“Yeah, looks like it.” Manju agrees, “And I so wanted to buy new dresses for the Goa trip. This is such a bummer!”

“Tell me about it, death is so much work, I am glad I won’t have to go to my own service.”

After a few hours of shopping and cribbing Tanya and Manju arrive at the college. They are dressed in elegant long black dresses. Large sunglasses frame their faces. Tanya steps into the college and feels it is alive in a way she does not recall. The setting sun illuminates the building with a warmth and light she had once imagined and felt it to have. It is as if death has brought new life to the old campus. Or maybe it was the warmth of dying memories glowing one last time before flickering out like a dying light. Tanya wonders how long it has been since she had such profound thoughts. She stifles them. She listens to Manju bitch about how ridiculous Neha looks in her pink chudidar crying her eyes out on a batch mate’s shoulder. Tanya snorts in derision and agrees.

Echoes follow Tanya as she walks towards the auditorium. Echoes of ideals and passions that do not have a voice anymore: they taunt and tug at her heart, slipping against the calcified shards of its hardened walls. Tanya ignores them; she realizes how easy it has grown to ignore them in the past few years. Ananya’s voice with its hope and fatal optimism fades fainter as she approaches the auditorium. Tanya pauses at the entrance of the auditorium, this is the last time she would hear these echoes, she realizes. She turns her head to hear Ananya’s voice one last time, “you were wrong” she tells the echo, “I could change and I did, you couldn’t and you….” She doesn’t stop to hear the protestations of the echoes.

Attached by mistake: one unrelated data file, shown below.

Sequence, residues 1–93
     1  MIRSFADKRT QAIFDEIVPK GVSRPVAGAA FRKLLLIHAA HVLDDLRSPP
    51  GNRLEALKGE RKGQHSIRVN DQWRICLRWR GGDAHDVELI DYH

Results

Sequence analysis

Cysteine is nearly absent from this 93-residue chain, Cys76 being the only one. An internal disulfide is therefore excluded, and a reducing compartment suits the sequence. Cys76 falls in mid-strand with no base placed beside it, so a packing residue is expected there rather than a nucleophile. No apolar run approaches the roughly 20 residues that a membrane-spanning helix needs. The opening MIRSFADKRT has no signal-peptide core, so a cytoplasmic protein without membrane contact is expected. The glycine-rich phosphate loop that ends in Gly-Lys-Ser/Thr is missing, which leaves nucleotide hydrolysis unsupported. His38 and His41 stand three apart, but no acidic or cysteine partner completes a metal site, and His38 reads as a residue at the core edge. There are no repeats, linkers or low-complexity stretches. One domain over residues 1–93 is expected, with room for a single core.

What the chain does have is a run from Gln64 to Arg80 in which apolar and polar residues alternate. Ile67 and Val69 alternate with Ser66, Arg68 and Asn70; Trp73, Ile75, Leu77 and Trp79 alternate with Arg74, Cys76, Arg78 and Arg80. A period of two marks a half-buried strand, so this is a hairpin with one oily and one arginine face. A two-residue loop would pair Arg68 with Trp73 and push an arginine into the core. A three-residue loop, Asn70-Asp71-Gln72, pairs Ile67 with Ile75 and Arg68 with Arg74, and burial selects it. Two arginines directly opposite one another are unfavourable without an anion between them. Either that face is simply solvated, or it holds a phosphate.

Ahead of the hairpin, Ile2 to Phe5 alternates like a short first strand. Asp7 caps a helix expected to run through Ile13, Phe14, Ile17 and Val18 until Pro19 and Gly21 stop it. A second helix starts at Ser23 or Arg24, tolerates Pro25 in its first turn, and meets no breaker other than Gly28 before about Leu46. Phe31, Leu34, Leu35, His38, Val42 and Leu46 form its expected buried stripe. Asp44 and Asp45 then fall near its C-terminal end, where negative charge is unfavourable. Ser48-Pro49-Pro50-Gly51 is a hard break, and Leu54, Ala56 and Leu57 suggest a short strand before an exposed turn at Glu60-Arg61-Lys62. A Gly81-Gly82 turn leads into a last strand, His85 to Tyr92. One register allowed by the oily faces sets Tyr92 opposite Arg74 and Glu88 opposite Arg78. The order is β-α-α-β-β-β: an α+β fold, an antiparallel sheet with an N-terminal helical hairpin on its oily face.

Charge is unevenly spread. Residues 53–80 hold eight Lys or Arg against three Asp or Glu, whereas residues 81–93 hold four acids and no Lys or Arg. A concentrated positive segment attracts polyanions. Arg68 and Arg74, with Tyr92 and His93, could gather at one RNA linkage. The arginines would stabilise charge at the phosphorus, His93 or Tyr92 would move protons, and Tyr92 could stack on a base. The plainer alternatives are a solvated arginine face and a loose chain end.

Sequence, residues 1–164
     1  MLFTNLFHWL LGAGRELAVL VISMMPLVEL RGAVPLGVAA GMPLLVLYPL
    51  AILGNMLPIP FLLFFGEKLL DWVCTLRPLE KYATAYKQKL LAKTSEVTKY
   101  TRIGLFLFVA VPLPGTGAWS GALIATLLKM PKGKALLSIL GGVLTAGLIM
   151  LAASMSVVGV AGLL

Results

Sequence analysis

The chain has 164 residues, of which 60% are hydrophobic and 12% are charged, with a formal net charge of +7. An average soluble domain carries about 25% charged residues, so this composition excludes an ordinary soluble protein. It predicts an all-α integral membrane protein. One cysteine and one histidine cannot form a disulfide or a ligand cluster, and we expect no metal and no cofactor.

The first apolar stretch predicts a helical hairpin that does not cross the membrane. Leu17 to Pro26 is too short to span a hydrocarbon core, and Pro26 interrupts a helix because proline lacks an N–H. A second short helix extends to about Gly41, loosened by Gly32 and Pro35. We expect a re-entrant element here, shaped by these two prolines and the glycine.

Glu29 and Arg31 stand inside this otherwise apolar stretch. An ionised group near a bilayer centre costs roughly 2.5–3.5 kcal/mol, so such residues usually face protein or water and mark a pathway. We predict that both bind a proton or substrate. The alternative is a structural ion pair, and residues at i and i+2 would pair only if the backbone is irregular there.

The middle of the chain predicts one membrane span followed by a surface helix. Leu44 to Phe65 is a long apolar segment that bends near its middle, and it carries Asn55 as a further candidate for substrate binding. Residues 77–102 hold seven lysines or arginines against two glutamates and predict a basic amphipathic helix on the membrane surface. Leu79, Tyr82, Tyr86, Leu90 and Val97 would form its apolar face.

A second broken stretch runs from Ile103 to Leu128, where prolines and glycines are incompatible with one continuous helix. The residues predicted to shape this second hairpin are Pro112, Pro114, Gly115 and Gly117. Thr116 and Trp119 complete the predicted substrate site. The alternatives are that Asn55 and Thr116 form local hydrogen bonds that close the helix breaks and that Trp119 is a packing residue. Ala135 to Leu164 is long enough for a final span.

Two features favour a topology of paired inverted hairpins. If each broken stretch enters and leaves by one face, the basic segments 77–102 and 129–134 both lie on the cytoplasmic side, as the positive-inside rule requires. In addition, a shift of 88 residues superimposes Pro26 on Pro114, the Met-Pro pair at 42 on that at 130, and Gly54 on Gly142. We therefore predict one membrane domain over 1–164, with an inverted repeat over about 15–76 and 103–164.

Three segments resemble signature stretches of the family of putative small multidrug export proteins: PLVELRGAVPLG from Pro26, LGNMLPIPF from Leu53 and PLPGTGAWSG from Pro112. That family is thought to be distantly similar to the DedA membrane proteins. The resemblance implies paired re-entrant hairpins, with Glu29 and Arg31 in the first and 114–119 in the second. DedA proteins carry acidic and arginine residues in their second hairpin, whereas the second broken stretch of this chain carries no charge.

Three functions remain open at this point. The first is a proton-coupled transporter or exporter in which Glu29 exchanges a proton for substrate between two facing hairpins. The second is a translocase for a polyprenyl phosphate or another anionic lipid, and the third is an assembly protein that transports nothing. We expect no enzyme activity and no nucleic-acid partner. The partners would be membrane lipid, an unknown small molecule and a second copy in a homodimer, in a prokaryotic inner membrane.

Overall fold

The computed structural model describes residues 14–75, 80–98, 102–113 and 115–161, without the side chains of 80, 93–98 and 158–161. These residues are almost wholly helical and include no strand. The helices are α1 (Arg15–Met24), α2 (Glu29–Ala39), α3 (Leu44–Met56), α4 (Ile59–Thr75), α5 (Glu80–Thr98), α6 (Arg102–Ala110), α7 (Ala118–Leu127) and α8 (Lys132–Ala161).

Tanya steps into the blissful darkness of the auditorium. It is a beautiful darkness, like velvet silk, it caresses her and snuggles with the unease in her mind. She feels safe in it, shameless and safe. She looks at all her batch mates gathered there, talking to each other in hushed whispers, looking bored, yawning and checking their phones. She looks at each of them in turn, checks their eyes for a flicker of the light, even a spark…nothing just silky darkness. Tanya feels comforted. The only light in the auditorium comes from the candles before Ananya’s large photo. She was the only one who cared, who hoped and believed in something bigger. She was the only person who could make Tanya feel guilt in the cage of her soul, and now she was dead. Tanya feels a relief flood her and a tear escapes her eye. “Thank you…” she mutters to the photo.

Later when the speeches are all said and done and the candle have struggled into silence they all stand in the auditorium wondering what to do next. Someone suggests “life is fragile, we should enjoy while we can.” Tanya agrees wholeheartedly, “that is what Ananya would want us to do” she says as one final insult to her memory. A murmur of agreement passes through the crowd. They agree that it was their duty to exult in their prolonged existence.

They all head to a club that would stay open for the longest. Tanya remembers her first few drinks, Manju passing out in the club, Satish deciding he was going to be her escort for the night and buying her more drinks, “For Ananya! Cheers!” the call goes around the club time and again. Then she doesn’t remember much. Tanya wakes up in a farmhouse at night, She is told it is Satish’s farmhouse. She looks for food but finds ecstacy instead. She has never been this alive, this happy, this in the moment. She looks for food again and finds Satish, they make wild love, the desperate love of people faced with their mortality and mashed up morality. She has never felt so transcendental before. The party goes on for the whole weekend. They are not disturbed or stopped. They live like never before killing out the pesky parts of their minds that might object.

Tanya wakes up on some morning, she is not sure where she is or even who she is. Manju and Satish  lie on the bed beside her. She is not sure of what has happened. The only thing she is sure of is that the part of her life that Ananya represented is dead and gone with her. She sighs in relief and resentment.

Manju wakes up, “That was the best rave of my whole life! I hope another nerd kills herself next semester.”

“Yeah” Tanya says with a wry smile, “I hope so to!”

[Image credits: http://www.keepcalm-o-matic.co.uk/p/rave-to-the-grave-/]